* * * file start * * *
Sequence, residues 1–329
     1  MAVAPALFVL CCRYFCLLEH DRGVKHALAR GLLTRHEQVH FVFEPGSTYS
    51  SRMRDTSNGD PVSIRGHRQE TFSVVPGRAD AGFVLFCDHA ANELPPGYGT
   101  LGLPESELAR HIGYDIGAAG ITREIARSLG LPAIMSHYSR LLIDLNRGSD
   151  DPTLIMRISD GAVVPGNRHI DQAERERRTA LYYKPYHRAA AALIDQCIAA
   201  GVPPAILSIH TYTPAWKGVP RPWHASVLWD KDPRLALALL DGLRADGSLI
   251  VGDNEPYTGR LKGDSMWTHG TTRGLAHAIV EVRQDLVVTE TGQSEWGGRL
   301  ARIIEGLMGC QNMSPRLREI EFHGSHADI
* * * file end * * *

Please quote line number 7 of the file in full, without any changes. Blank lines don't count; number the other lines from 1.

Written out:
   251  VGDNEPYTGR LKGDSMWTHG TTRGLAHAIV EVRQDLVVTE TGQSEWGGRL